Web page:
Published On: Mon, Feb 19th, 2018

The Caribbean welcomed over 30 million tourists in 2017

caribbean-seaThe Caribbean tourism reached another milestone in 2017, surpassing 30 million stayover/tourist visits for the first time and reaching an estimated $37 billion in total visitor spending, according to Ryan Skeete, acting director of research with the Caribbean Tourism Organization.

During the presentation of the Caribbean tourism performance report, Mr. Skeete said the good numbers put by the Caribbean travel industry on the board in the course of 2017 came to pass amid the devastating September hurricanes.

However, the performance in 2017 was primarily supported by sustained economic growth in all of our major source markets, he added.

“Stayover arrivals were on track for a strong performance during the first-half of 2017, growing by an estimated 4.8 percent. However, there was a major slowdown in the second half performance due to the impact of the September hurricanes as tourist visits declined by 1.7 percent,” he explained.

These outcomes resulted in an overall increase of 1.7 percent to reach 30.1 million visits, marking the 8th consecutive year of growth, albeit slower than the average global growth rate of 6.7 percent. The Caribbean market share of global visits in 2017 shrunk by 0.1 percentage points, to register 2.3 percent of the market.

Among the destinations, tourist arrivals showed uneven growth. Several countries reported double-digit increases in 2017 such as Saint Lucia (11 percent), Belize (10.8 percent), and Bermuda (10.3 percent), while the hurricane-impacted countries recorded decreases ranging from -18 percent to -7 percent.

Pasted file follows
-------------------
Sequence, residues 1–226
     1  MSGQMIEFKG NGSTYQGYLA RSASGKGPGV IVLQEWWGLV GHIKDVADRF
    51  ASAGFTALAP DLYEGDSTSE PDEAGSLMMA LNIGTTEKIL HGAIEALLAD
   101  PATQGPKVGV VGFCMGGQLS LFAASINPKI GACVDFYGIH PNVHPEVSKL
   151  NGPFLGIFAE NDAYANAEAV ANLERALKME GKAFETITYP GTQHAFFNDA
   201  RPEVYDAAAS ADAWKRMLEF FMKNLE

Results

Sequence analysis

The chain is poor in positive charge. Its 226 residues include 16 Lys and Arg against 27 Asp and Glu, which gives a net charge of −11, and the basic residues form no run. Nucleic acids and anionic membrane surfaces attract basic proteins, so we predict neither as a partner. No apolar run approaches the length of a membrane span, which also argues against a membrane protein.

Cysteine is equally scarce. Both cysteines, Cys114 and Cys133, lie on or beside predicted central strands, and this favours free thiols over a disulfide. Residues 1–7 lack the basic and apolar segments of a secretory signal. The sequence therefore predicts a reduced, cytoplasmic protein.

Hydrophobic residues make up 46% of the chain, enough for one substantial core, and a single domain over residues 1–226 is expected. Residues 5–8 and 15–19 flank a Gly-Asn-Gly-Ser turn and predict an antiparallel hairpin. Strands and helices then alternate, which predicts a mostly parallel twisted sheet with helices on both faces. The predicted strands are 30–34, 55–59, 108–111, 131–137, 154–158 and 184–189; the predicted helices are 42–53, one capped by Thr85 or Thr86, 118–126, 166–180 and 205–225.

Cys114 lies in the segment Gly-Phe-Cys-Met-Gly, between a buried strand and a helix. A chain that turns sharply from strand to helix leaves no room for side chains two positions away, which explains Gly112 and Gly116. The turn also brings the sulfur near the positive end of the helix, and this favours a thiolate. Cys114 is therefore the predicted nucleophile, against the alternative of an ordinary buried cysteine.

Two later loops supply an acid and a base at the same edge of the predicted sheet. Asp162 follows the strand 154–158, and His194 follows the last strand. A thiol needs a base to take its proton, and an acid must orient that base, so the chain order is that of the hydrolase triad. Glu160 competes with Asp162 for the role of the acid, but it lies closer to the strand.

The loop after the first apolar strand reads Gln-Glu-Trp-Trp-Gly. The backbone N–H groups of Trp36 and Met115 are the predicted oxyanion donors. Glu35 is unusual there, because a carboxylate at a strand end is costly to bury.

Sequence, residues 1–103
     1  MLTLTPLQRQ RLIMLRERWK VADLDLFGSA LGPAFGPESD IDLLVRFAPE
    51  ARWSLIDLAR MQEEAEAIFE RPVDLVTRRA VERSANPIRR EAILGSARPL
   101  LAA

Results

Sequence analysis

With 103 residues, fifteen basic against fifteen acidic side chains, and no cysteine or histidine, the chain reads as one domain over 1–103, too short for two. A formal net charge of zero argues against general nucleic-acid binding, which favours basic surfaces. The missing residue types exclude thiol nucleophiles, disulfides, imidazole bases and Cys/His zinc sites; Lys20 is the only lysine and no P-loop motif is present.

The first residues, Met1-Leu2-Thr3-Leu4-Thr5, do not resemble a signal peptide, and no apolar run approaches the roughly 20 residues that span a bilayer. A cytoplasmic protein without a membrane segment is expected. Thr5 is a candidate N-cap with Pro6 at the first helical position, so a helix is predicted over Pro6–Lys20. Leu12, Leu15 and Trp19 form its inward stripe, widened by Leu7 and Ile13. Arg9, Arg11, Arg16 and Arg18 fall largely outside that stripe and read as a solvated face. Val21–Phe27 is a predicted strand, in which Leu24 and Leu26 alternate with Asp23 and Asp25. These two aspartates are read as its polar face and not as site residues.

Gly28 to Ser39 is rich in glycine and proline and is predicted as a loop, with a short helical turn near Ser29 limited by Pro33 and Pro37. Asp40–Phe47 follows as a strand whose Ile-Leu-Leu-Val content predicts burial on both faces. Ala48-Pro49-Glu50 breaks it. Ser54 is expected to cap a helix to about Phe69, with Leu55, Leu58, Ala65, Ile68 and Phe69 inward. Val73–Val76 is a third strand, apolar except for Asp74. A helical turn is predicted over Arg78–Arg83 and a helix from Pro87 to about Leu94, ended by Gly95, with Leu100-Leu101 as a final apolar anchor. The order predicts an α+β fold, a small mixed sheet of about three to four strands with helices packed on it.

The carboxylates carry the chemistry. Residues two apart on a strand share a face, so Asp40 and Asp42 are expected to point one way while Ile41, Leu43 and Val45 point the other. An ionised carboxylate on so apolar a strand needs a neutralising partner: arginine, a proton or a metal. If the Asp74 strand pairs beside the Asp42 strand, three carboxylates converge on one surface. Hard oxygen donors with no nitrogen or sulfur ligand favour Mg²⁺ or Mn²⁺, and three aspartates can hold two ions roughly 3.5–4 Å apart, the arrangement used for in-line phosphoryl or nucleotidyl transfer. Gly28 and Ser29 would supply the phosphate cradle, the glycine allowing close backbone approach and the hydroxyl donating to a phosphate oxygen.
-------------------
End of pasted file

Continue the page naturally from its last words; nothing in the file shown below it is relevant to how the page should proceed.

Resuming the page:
According to the report, the contributing factors to the excellent performances in those countries included greater air access from the source markets to the region and the realization of significant investments, including hotels, to enhance the tourism product.

The report also indicates that among all major Caribbean sub-regions, the U.S. Territories (-7.9 percent), the Dutch Caribbean (-6.6 percent) and the Organization of Eastern Caribbean States (OECS) (-3.6 percent) reported declines, while the grouping dubbed Other Caribbean comprising Cancun, Cozumel, Cuba, the Dominican Republic, Haiti and Suriname, which accounts for almost half of all arrivals to the region, recorded an increase of 6.0 percent and Caricom recorded an increase of 1.7 percent.

Most major source markets recorded growth except the South American and Caribbean markets which declined by 6.5 percent and 1.3 percent respectively, reflecting weak economic conditions.

“Our major source market, the U.S., grew by approximately 0.5 percent to reach an estimated 14.9 million visits to the region. This performance was attributed to solid economic growth, low unemployment rate and high consumer confidence in the U.S.,” Mr. Skeete went on to say.

Arrivals from the European market totaled 5.8 million and improved by an estimated 6.2 percent, the strongest growth among the main markets, in spite of terrorist attacks in some countries, and the continuing Brexit negotiations and the related uncertainties.

Visits from the Canadian market rebounded in 2017, growing by 4.3 percent compared to a decline of 3.1 percent in 2016. The country’s strong economic performance and increased seat capacity to the region helped support this recovery, acting director Skeete added.

According to the Caribbean tourism performance report, global economic conditions are expected to be favorable in 2018. All of the major economies are projected to grow strongly, oil prices are expected to remain relatively low, and hourly wages are expected to increase again in the US following years of stagnation.

“These factors bode well for tourism in the Caribbean. On the downside, there is rising geopolitical tensions, the persistent threat of major terrorist attacks, and the heightened risk of extreme weather events. Consequently, we are projecting that tourist arrivals will increase between 2 and 3 percent in 2018,” the report concluded.

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